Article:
Now there's no excuses for being ripped and ready when I do that obligatory shirt change after each ultrarun and bike ride.

Pretty basis stuff:  Elastic resistance cords hooked to any standard door.  Only trouble is that when installed on my doors, the doors won't close.  Have to brace door with one foot while doing reps. Other hassle is that to get the full range of exercises, one has to flip the brackets from two on top, one on bottom, to the reverse one on top, two on bottom. There's also a resistance adjuster that allows for increased tension.

Hooked it up in about five minutes and now it's time to get to work.  A few hundred reps a day can turn weight resistance into an endurance sport.  The Everlast Door Gym should add to my overall 2012 resolution of converting convert master man to super man in the next 60 days.

Brooks shoe combo for Spring 2012

(DISCLAIMER: I am a Brooks supported athlete.  I received Brooks running products for the 2012 season)

Things are looking up for master man in 2012. I returned home from a month of travel and busted out three new pair of Brooks running shoes. I enjoy breaking in a trio of shoes at the same time, then using a pair each day in rotation.  I believe that different shoes break down with alternative impact points and that each foot strike in a unique way for that model.   My Spring 2012 line-up included the new minimalist Brooks PureGrit trail shoe, the wonderful and cushy Brooks Ghost 3 and the nimble Ravenna 2.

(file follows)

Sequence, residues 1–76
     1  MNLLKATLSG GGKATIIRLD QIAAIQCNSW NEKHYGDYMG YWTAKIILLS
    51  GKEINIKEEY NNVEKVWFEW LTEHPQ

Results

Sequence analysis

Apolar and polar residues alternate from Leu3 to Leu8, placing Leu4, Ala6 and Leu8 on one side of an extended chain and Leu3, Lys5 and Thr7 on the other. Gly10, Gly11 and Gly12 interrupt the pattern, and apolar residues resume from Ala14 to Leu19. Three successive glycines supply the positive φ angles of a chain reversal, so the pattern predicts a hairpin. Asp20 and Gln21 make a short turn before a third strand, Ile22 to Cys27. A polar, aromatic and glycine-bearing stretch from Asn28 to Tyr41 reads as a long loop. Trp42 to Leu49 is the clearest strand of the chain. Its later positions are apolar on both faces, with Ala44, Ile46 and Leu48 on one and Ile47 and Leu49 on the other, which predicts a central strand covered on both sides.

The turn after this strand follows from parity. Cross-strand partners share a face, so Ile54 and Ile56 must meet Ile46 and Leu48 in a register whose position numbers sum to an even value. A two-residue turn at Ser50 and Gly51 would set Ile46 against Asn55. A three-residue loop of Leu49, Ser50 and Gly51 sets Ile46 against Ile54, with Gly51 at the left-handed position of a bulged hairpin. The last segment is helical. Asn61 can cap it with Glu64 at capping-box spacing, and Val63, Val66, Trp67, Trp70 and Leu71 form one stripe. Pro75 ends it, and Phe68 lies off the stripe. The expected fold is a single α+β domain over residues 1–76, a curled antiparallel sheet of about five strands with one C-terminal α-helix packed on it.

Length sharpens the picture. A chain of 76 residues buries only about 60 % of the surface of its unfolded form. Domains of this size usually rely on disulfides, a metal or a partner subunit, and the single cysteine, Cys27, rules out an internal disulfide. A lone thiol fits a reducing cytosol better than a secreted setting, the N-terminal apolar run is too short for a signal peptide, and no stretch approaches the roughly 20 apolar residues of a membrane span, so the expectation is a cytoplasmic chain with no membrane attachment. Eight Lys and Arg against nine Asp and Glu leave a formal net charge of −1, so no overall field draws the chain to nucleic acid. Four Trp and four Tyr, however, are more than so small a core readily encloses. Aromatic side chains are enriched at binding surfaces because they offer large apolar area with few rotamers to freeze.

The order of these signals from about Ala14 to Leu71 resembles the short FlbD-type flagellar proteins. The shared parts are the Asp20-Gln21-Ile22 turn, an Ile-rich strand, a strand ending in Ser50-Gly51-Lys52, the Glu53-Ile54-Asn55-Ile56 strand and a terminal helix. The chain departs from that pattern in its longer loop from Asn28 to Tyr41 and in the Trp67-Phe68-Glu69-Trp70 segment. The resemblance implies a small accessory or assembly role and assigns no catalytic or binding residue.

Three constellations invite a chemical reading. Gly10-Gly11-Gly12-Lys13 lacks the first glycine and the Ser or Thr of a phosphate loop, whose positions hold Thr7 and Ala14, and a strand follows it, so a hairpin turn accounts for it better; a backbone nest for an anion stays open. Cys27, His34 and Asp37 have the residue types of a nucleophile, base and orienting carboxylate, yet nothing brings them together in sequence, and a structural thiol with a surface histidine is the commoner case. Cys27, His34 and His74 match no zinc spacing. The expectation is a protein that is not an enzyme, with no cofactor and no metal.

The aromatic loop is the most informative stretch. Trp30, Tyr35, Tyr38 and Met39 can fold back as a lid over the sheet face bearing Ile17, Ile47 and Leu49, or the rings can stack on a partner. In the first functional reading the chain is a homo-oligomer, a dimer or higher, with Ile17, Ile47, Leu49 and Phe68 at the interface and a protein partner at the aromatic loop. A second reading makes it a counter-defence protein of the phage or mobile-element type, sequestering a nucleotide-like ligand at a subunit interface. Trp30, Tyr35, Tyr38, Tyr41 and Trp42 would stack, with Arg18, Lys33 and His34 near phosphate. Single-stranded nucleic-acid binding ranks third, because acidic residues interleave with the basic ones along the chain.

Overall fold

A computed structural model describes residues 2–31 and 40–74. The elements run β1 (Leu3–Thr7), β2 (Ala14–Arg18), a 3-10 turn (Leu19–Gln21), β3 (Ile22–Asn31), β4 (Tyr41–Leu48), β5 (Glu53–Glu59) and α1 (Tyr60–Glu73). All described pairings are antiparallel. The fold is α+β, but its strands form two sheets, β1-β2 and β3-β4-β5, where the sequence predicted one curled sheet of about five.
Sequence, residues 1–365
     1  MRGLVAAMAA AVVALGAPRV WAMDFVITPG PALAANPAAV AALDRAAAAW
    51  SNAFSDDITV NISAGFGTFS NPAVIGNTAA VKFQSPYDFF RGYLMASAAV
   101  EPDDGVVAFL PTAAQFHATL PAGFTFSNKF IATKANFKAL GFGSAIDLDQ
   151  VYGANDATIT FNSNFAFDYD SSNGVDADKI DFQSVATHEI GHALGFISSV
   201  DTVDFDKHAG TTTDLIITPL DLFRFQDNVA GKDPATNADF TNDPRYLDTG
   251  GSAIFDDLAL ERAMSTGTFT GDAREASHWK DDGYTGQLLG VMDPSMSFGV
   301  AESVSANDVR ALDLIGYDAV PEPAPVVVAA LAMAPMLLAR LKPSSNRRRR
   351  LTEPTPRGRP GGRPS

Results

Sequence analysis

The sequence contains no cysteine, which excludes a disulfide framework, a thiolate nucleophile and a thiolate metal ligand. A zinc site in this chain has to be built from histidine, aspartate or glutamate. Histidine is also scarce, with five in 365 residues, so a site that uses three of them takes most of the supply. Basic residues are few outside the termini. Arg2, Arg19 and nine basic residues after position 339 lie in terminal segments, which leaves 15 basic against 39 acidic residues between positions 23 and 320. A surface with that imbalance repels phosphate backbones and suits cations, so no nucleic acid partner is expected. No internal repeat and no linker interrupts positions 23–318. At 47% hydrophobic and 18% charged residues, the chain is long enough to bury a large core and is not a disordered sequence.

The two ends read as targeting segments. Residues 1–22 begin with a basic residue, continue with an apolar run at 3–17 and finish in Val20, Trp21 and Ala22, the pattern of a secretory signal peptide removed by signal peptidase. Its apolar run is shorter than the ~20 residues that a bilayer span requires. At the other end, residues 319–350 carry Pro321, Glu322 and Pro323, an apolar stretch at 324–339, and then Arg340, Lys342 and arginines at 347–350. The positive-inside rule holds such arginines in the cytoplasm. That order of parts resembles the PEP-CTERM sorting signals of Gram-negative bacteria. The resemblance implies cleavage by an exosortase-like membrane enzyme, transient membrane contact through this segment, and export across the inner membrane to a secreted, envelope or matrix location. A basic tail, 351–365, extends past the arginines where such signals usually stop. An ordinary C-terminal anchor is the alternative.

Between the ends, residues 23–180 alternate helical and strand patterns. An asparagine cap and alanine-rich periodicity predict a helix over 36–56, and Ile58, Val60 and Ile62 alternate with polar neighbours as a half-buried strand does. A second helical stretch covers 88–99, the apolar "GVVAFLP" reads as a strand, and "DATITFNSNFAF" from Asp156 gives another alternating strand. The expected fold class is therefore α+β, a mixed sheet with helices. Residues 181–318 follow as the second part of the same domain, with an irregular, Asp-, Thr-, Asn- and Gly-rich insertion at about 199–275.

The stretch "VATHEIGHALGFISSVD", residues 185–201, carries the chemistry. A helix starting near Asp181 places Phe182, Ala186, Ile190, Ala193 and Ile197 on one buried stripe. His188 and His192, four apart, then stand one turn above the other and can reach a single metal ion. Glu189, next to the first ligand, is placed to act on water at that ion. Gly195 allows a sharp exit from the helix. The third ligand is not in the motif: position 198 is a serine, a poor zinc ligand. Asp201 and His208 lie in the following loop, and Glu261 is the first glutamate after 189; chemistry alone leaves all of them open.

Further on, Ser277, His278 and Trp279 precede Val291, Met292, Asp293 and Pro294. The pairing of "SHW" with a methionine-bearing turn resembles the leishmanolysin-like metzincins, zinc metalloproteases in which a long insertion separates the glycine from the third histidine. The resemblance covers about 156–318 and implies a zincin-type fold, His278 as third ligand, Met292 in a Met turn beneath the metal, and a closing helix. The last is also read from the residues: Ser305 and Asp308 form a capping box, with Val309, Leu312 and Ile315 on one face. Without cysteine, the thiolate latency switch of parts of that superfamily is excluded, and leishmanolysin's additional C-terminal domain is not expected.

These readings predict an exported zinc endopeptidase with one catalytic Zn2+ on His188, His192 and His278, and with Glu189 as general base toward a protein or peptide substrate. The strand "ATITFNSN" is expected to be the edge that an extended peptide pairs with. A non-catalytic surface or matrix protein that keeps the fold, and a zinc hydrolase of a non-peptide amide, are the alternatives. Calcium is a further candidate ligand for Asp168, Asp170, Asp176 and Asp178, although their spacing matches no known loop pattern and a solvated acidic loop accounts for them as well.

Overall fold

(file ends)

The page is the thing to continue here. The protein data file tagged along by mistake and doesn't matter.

My reaction to the PureGrit's fast.  Quite easy to get a firm foot strike and push off based on the flexibility of this model.  The upper is thin and wispy and wraps more than fits. I ran on a wet day and the leaves were snotty; I wasn't getting quite the grip that I have been achieving with my Brooks Cascadia trail shoes. With a minimalist shoe a runner also gets…

Marathon Thoughts....this is LOL!

This piece has been going around among running groups on the Internet.  Finally clicked it on this morning. Simple concept, but when it was over my eyes had teared and nose was running from laughing so hard!

Maybe you have to know some of the 26.2 back story to 26.2 to appreciate the humor. But for those of you who understand, it's LOL.

Well done...and 182,000+ views to date!